About Our Program
First-Year Writing students at all levels will read and communicate in a variety of genres, apply a variety of rhetorical strategies, and employ a variety of research methods. To help students to develop, test, and refine their own researchable questions and engage in self-discovery of the writing process, teachers create and employ scaffolded assignments that take students from low-stakes process exercises to high-stakes longer compositions.
These sequential assignments stimulate curiosity, exploration, and re-evaluation, and emphasize revision and reflection. The varieties of discourse in which students communicate comprise an entire project.
In ENGL 1157, students will produce a minimum of three projects, comprised of no less than 5000 words (total), 3000 of which are high-stakes (i.e., formally assessed). The scaffolded assignments that lead to the production of these three projects should introduce students to a variety of genres and their conventions, should teach students how to conduct research and to integrate their findings into their own writing, and should create opportunities for students to understand how audience and purpose govern the content, scope, organization, and expression of their own ideas.
Writing should occur in the classroom, but it should not be assessed as a high-stakes assignment. Revision and reflection are integral to the production of successful projects. Peer Collaboration (e.g., peer review, group work, and even group presentations) and student-teacher conferences may also be useful teaching tools. Ultimately, 1157 teachers need to ensure that students are introduced to the concepts, strategies, skills, and habits of mind that will lead to the program's outcomes. Having students write a formal reflection of their experience to accompany their best works or complete works portfolio during the final exam period will provide you with an effective assessment mechanism.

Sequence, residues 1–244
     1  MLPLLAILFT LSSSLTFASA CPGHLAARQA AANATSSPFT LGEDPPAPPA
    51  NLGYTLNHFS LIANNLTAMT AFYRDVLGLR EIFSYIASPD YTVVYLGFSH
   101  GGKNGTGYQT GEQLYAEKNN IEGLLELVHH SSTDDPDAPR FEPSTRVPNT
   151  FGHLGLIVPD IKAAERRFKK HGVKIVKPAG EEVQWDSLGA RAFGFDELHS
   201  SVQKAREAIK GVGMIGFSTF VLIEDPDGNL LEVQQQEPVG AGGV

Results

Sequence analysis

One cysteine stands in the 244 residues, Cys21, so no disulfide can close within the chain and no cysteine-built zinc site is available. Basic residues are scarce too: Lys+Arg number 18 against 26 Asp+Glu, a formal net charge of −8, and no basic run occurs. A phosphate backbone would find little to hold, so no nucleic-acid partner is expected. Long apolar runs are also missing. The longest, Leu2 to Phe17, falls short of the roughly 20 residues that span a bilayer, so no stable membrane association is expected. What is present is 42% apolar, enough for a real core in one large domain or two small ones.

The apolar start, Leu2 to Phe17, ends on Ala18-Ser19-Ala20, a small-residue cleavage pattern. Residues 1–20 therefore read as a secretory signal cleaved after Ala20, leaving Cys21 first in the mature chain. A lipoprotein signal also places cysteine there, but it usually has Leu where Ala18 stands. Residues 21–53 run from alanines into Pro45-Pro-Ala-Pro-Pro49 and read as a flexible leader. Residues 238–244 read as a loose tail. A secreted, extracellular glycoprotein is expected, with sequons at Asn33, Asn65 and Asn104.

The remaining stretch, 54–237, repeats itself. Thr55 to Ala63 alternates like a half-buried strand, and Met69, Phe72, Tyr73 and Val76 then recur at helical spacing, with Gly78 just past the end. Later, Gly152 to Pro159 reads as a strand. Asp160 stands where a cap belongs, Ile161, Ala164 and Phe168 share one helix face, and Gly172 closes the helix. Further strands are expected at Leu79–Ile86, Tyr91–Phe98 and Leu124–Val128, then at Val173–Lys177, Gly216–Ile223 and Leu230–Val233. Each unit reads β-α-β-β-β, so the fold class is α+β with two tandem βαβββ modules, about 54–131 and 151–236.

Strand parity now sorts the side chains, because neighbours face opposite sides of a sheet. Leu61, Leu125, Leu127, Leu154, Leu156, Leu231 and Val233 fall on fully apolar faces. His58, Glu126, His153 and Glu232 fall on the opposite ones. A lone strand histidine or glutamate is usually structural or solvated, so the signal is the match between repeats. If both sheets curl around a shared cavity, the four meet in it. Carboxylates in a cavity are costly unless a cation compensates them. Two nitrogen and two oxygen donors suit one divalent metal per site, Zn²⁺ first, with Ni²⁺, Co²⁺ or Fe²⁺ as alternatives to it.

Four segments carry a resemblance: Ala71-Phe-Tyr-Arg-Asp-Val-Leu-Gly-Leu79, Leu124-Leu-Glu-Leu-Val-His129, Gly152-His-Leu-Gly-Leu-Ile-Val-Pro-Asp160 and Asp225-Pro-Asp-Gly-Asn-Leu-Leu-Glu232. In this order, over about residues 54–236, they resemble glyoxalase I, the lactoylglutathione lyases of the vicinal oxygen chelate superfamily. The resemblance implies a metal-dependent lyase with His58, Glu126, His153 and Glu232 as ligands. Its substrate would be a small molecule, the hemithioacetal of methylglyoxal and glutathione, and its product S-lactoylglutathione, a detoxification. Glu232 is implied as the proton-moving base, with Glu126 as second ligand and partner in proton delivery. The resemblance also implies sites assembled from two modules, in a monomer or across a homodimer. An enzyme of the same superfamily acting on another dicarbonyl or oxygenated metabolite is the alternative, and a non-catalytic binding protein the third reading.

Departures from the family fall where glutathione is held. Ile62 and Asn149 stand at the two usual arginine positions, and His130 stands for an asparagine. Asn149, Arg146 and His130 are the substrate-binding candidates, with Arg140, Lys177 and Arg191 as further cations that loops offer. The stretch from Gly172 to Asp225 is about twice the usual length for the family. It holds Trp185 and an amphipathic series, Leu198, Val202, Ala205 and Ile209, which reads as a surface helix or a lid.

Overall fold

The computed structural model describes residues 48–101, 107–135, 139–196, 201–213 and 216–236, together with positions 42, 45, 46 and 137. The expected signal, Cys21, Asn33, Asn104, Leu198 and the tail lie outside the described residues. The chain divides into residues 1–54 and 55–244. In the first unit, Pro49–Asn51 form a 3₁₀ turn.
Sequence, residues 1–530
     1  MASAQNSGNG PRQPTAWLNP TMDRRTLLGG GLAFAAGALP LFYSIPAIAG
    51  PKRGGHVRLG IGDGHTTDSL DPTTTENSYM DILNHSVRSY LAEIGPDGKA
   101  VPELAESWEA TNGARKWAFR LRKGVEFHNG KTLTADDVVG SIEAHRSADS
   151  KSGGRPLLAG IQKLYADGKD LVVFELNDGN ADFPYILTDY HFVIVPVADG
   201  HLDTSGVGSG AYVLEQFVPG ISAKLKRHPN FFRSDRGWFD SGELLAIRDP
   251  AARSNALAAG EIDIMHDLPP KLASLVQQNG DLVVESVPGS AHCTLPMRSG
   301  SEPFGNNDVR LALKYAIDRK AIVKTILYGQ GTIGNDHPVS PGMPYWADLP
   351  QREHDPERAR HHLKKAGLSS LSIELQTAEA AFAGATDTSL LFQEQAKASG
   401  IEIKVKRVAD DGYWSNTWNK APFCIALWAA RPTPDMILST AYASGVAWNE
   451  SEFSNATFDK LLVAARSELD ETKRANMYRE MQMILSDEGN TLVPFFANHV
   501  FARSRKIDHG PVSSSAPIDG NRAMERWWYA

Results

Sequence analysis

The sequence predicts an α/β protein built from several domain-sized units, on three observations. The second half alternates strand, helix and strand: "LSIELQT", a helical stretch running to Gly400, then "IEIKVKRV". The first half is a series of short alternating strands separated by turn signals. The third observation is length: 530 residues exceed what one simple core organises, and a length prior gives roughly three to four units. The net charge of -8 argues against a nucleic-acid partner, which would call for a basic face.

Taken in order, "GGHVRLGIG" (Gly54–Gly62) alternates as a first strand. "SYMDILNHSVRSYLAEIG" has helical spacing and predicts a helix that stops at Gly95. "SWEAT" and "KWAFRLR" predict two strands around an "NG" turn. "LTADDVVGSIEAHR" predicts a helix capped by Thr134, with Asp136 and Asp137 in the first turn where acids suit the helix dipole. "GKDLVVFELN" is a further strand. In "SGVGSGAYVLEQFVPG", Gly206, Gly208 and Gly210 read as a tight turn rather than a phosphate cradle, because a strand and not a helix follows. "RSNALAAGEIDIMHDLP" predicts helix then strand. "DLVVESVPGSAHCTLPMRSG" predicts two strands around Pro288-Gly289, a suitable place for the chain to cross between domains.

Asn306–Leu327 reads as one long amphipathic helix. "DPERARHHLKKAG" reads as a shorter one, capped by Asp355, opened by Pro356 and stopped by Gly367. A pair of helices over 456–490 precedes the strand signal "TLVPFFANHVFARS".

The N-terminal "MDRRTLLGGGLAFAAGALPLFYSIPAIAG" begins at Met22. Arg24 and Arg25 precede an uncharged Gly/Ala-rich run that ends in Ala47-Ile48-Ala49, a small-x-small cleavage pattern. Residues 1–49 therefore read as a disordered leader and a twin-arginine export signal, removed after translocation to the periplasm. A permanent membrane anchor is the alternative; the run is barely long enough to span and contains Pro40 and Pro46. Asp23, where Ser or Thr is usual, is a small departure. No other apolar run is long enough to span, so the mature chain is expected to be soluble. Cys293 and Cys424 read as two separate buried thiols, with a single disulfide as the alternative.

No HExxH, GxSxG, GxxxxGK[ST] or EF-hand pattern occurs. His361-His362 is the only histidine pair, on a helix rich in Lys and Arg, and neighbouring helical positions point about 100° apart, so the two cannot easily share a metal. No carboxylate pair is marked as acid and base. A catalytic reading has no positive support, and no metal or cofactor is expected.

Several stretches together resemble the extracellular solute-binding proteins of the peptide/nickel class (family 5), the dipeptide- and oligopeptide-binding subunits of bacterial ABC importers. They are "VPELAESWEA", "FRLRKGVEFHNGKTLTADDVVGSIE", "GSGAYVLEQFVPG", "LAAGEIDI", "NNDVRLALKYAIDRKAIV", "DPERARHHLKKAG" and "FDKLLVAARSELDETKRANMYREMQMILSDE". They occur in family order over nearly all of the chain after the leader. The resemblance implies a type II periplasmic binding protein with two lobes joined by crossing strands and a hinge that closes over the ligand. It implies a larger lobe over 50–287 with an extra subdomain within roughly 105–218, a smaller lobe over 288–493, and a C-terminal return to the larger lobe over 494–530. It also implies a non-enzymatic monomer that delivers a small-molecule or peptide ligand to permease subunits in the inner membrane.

In ENGL 1158 , students should continue to work toward the program's outcomes. To help students reach these goals, instructors should assign no less than two projects, composed of at least 5000 words (total), 3000 of which are high-stakes (i.e., formally assessed). Some low-stakes writing must happen inside the classroom. At least one of these projects needs to create an opportunity for 1158 students to practice writing arguments. When ready, 1158 students may be given the freedom to craft their projects (by choosing, for example, its topic, scope, purpose, audience, kinds of writing, and/or presentation method). However, instructors need to guide students to make effective choices, ensuring that students employ a range of research methods, integrate others' ideas effectively, engage in discourse, and apply appropriate rhetorical strategies (e.g., considering opposing viewpoints or appealing to ethos).
By the end of 1158, students should have met our program's outcomes. Only those students who exhibit proficiency in each of the three areas (Rhetorical Knowledge; Critical Thinking, Reading, and Writing; and Knowledge of Conventions) should earn a passing grade in 1158. Having students present their best project (or an arm of it) during the final exam period in addition to submitting their portfolios will allow you to easily assess their proficiency.
|Students compose a minimum of 500 words, 3000 of which should be formally assessed|
|Assignment sequences employ scaffolded assignments|
|Revision and Reflection are an integral part of the writing process|
|shorter, more frequent assignments||longer, more sustained assignments|
|suggested three projects minimum||suggested two projects minimum, one of which
is an argument
|more instructor-guided||more student-driven|
|students learn research skills and methods||students hone research skills, employing a
variety of research methods